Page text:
Tag Archives: trustee

2020 FORECLOSURES BACK IN FULL SWING!

(BREAKING NEWS, OP-ED) — The author of this post carefully posits this article for your educational benefit and any information shared here should not be construed to be legal advice. 

Anyone familiar with this online blog is probably fully well aware that the content shared on this site has a lot of legal undertones, so much so, that many people are apt to misinterpret what’s being said in reality, replacing their thought processes with directives shared as “suggestions” on this site (hence the need for the disclaimer).

The state bar associations are starting to find themselves in a real dilemma.  Three states (Washington, Utah and Arizona) have already initiated non-lawyer “paraprofessional” objectives to allow more folks to have access to the justice system.  This comes at a time when eviction moratoriums have pretty much been lifted and the “man behind the curtain” jumps out and reveals himself  in the form of service of process.

This author is getting closer to deciding a date for when another Foreclosure Defense 101 class should be held.  Of course, with no one willing to fly anywhere, this will probably be held online in webinar format, where you get to ask questions via the chat box.

The thing about foreclosures … statistically, 97% or better of those receiving service of process (notice from the bank via physical delivery via a knock on the door, certified mail, notice of publication, door hanger, etc.) will ultimately decide to pack their belongings and bug out, if what happened after the 2008 financial collapse is any indication.  Maybe we have more liquidity than we did before, maybe we don’t.  If we don’t have the resources to fight, it’s because we’re fighting the urge to resist identifying where those resources are.  The author describes those resources more fully in his book Clouded Titles.

If there was a way you could fight a foreclosure and stay in your home for over two years, would the information in a webinar workshop be worth it to you to have in your arsenal of legal tools?

Then … prepare yourself for the fight (not of your life) that generally sickens most people.  Prepare yourself mentally NOT to do stupid stuff (like give in so quickly).

The legal system has provided us with so many stall tactics (NO! Bankruptcy is NOT one of them!) it’s a wonder more people haven’t stopped to “catch on”.  They just want off the merry-go-round because that’s pretty much what you’ll feel like you’re on when you engage in fighting the foreclosure; however, the merry-go-round is not spinning at 3 miles an hour … it’s spinning at more like 60 miles an hour!  The closer you get to your court date, the faster the merry-go-round speeds up.

If you’ve ever been to a “rocket docket”, like this author has multiple times … it’s a scary thought … watching a judge clear a courtroom of homeowners being foreclosed on in 3 hours or less (just in time for lunch), with their actual case hearings lasting two minutes or less.  It’s amazing how many homeowners complain that they have no access to “justice” when in fact, the legal system has never been more “giving”.  The information highway is chuck full of data if you know where to look.

Planning Your Strategy … in 5 steps! 

#1:

Remember the Harry Potter movie where Hagrid (while strolling down Diagon Alley) tells Harry, “If you know where to go …”?   Half your battle is in research.  If you don’t check your chain of title, you’ll end up choking your chicken in frustration.  (The author doesn’t mince words here.)  This is THE MOST important point in the entire schematic of foreclosure defense, especially when it comes to playing the delay game and playing it well.  If you don’t understand the chain of title, the author’s website offers a COTA Workshop that you can get via download in (4) 4-hour sessions and listen, watch and study what’s necessary to get through from Point A to Point B.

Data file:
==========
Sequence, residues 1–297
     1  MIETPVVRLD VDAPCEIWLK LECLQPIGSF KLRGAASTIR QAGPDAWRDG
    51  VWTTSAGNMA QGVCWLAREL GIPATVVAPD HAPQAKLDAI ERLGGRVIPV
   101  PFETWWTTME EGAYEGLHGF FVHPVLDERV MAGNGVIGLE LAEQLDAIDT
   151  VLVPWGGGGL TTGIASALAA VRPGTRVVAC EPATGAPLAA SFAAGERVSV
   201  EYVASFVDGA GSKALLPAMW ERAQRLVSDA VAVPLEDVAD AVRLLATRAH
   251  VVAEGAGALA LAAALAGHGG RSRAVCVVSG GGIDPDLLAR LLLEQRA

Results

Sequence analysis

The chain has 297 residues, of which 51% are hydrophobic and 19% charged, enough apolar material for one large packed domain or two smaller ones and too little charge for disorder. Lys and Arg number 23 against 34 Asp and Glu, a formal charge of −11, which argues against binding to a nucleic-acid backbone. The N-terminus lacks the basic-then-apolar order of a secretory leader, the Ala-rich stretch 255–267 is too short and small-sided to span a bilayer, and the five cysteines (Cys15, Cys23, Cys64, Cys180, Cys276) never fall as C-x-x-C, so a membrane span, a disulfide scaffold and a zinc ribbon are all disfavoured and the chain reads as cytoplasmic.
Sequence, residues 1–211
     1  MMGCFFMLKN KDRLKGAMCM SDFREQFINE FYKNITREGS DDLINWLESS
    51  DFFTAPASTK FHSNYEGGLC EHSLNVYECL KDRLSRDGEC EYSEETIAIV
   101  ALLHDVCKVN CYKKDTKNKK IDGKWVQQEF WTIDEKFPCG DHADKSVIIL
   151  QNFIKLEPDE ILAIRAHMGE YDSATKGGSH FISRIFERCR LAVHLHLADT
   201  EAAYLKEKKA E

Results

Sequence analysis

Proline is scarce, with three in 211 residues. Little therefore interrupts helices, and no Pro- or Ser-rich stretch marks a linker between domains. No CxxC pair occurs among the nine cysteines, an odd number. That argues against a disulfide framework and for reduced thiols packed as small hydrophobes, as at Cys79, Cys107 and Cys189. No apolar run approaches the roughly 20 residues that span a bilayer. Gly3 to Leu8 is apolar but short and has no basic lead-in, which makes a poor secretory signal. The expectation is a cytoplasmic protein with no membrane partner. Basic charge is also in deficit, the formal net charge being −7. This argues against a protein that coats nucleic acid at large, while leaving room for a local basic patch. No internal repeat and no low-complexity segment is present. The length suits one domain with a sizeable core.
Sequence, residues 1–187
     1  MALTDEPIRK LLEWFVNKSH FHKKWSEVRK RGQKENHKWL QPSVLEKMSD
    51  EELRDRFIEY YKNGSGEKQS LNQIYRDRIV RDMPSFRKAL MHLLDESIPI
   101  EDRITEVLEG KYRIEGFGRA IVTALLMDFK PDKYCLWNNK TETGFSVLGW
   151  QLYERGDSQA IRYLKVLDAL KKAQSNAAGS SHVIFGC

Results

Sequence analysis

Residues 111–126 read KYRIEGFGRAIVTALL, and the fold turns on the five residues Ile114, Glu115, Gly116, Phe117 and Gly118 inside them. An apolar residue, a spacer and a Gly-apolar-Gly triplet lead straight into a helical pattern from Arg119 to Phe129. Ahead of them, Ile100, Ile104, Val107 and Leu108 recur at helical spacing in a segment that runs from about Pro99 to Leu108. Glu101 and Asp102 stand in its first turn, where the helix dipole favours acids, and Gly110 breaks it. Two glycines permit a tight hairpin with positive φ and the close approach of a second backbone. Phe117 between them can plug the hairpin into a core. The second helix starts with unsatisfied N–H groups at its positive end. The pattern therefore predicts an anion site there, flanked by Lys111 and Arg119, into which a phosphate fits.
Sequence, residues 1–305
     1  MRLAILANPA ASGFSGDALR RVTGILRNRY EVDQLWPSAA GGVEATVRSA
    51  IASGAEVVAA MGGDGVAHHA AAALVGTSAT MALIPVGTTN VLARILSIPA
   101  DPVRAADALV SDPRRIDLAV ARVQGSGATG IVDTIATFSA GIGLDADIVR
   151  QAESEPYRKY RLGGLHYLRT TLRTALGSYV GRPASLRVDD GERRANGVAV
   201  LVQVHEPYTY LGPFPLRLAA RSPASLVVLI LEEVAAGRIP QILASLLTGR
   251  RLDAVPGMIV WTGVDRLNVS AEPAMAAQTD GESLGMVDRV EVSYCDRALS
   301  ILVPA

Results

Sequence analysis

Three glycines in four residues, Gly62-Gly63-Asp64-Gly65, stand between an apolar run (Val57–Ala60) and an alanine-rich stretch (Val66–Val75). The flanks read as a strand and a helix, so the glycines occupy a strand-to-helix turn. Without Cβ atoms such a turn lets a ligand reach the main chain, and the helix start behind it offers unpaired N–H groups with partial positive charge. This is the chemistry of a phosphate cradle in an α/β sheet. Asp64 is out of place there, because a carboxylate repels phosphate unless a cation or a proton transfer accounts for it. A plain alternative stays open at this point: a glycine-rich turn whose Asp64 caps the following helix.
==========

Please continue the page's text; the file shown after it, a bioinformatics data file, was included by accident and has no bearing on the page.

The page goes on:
Once you’ve looked at your chain of title, the next fundamental issue in your quest to research details is getting at the truth.  The “truth” the way banks see things and the way YOU should see things all has to do with perception of what the documents in your chain of title say.  The chain of title is like an electric schematic, which tells you HOW things are connected in the series of conveyances, claims of lien and security instruments, which are designed as the hinge pin in claiming ownership of your collateral (your home).  Once you understand how all of this is postured, it makes things a lot clearer in your understanding of HOW to proceed.

#2:

Get copies of every document in the chain of title and examine each one that is relevant to your current situation, especially the assignments (of mortgage or deed of trust).  These little minuscule pages are where the devil is in the details.  A single-page assignment that contains all sorts of false and misrepresentative statements can be the bank’s undoing, at least in the short term.  Filing a quiet title action is NOT what you’re going to pursue in your research.  You’re not ready for that yet.

History has taught us that anyone running into court trying to quiet their title when it’s littered with all sorts of bullshit assignments is not only a big waste of your time and the court’s time, your foreclosure mill attorney will immediately pick up on your strategy and counterpunch you with motions to dismiss.  Quiet title works when there’s nothing left in the chain of title other than a lingering deed of trust or mortgage that’s not connected to anyone and the originating lender is defunct and can’t be found.  The idea here is to attack the assignments head on through a C & E action.  C & E is an acronym for Cancellation and Expungement action, which means you’re filing a declaratory relief action wherein you’re asking the court to examine a document for false statements and to cancel the document and order the clerk or recorder to remove the document completely from the land records in your county so the document has no legal force and effect against your property any longer.   This is what Al West and I developed into a workshop called The C & E on Steroids!, also available in DVD video/book combo form!  There’s nearly 14 hours of really good educational information packed into this kit.  This is the ammo one would use to fight those pesky assignments.  Here’s an idea! Once you’ve done it, make your investment back by helping others achieve success in this realm.